Last Week: I advocated not panicking on established players who have struggled so far. The debate turned towards a hypothetical sell high of Michael Young for Jhonny Peralta. From Sunday to Saturday, Young went 11-for-22 with a steal and two RBIs, and Peralta went 13-for-27 with six RBIs.
Posted by Eric Hinz at 1:53am
Player Pool: Mixed
No. of Teams: 12
Categories: Traditional 5x5 with OBP replacing Avg.
Scoring Type: Head-to-Head
Other notes: none
C: A.J. Pierzynski
1B: Mark Teixeira
2B: Ian Kinsler
3B: Alex Rodriguez
SS: Rafael Furcal
OF: Carlos Lee
OF: Andre Ethier
OF: Matt Kemp
UT: Adam Lind
BN: J.D. Drew
BN: Yunel Escobar
BN: Scott Rolen
SP: James Shields
SP: Erik Bedard
RP: Scott Downs
RP: Mike Gonzalez
P: Joe Beimel
P: Roy Oswalt
P: Jon Lester
BN: Ricky Nolasco
BN: Edwin Jackson
DL: Ervin Santana
It should be noted that Alan recently acquired Lester and Bedard. I have to say that I love the acquisition of Lester, as he is a great buy-low candidate right now. His BABIP is a ridiculously high .389, he is striking out a ton of hitters (10.34 batters per nine innings) and his 3.06 BB/9 rate is in line with last year's rate (2.82 BB/9). He’s giving up a few more fly balls this year (39.4 percent FB%) and an astounding number of those fly balls have turned into home runs. While HR/FB rates tend to hover around 10 percent, Lester’s HR/FB rate this year has been a whopping 18.5 percent (compare that to his career rate of 9.3 percent).
I do like Bedard but I am actually trying to trade him in one of my leagues. While I definitely like his skill set, I am a little concerned about his inability to stay healthy for an entire year. He has thrown over 175 innings only twice in his career, and over 140 innings only three times. In fact, he has already missed one start due to an injury, and though the injury wasn’t pitching related and isn’t considered serious, it still serves as an example of his fragility. I can’t imagine his value being any higher than it is right now, so my advice would be to trade him as soon as possible, before a seemingly inevitable trip to the disable list.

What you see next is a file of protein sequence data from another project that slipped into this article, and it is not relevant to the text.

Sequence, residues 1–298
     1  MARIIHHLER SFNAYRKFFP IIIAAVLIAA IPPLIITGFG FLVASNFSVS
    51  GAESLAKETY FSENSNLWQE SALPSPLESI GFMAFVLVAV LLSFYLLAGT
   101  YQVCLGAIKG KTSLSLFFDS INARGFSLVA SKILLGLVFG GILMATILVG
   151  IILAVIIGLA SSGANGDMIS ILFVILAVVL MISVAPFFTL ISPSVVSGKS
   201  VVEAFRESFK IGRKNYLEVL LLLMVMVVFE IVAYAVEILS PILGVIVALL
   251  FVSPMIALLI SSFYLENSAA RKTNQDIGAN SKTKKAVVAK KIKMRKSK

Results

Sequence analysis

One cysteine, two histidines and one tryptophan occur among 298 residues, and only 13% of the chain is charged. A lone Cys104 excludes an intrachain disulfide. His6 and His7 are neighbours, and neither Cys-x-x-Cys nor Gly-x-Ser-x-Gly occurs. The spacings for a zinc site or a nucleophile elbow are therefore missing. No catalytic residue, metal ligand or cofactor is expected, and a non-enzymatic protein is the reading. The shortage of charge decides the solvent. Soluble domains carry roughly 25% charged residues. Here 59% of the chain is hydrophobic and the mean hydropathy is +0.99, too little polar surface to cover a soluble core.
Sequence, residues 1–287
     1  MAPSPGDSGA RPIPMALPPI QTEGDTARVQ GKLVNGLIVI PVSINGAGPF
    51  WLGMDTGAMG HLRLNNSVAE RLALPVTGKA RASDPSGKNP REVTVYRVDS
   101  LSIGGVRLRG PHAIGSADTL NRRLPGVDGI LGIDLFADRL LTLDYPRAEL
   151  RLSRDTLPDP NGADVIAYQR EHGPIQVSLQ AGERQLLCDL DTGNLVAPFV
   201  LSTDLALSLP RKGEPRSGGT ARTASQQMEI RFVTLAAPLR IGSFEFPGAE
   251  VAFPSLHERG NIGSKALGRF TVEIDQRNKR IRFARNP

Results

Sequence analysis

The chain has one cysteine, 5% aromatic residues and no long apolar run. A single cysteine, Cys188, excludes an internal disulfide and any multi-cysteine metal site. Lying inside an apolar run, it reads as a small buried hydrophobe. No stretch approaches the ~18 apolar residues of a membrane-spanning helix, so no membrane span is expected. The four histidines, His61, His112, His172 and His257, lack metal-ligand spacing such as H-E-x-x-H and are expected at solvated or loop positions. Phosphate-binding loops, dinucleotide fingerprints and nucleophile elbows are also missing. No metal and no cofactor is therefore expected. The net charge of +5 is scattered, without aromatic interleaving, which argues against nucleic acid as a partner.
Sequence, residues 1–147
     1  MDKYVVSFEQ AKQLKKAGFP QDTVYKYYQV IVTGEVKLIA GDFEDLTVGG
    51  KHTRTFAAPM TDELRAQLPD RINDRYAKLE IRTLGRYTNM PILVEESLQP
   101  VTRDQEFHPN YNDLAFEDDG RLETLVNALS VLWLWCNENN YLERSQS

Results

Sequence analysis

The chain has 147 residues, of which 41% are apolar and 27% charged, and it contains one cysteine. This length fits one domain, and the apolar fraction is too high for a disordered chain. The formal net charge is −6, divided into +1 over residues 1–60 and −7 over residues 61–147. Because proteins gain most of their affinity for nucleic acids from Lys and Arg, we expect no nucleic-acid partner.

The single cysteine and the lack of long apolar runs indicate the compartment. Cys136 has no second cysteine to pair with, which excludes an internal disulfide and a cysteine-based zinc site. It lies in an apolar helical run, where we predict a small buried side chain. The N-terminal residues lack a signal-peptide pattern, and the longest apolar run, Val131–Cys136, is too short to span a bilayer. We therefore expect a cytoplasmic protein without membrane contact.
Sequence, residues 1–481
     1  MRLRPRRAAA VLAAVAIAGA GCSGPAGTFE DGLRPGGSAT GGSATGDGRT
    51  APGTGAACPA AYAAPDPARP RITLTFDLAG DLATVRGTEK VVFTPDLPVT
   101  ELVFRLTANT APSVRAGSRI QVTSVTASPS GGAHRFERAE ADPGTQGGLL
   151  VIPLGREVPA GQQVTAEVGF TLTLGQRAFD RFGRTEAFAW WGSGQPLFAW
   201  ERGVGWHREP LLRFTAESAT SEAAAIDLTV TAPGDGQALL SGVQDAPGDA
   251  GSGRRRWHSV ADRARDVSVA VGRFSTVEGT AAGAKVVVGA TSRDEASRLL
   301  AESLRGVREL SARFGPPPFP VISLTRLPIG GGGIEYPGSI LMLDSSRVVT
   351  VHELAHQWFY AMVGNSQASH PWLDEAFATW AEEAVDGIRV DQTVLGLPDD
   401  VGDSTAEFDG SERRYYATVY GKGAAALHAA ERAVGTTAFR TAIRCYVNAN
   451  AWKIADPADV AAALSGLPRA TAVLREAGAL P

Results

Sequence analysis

Another guy I would look to trade is Shields. His 3.98 ERA looks a little better than it really is, as his strikeouts are down and his walks are up, and his FIP is currently at 3.79. On the other hand, I like Nolasco, as his BABIP is at .387 and his FIP is nearly 4.5 runs lower than his ERA.
It looks like this team is doing fairly well in the power department, especially with A-Rod back. Its pretty clear, though, that stolen bases is a category this team will have difficulty winning on a weekly basis. I’d check the waiver wire for guys like Juan Pierre, Michael Bourn and Randy Winn. While I may not play them all the time, its still nice to have that speed option when you are up against a team who is also struggling with stolen bases.
For the hitters, I would try to trade Lind. He’s shown improvement this year, but it looks like he has nowhere to go but down. He is currently sporting a .366 BABIP, and ZiPS is projecting 13 more home runs for him. I’d try to trade him now as it seems like unlikely that his value will be any higher than it is now.
This team isn’t bad, and I’d expect this team to compete every week. When this roster was emailed to us 10 days ago, it was sitting in fourth place. It has some nice trade bait, and I think with the proper trades, this team could eventually work its way towards the top.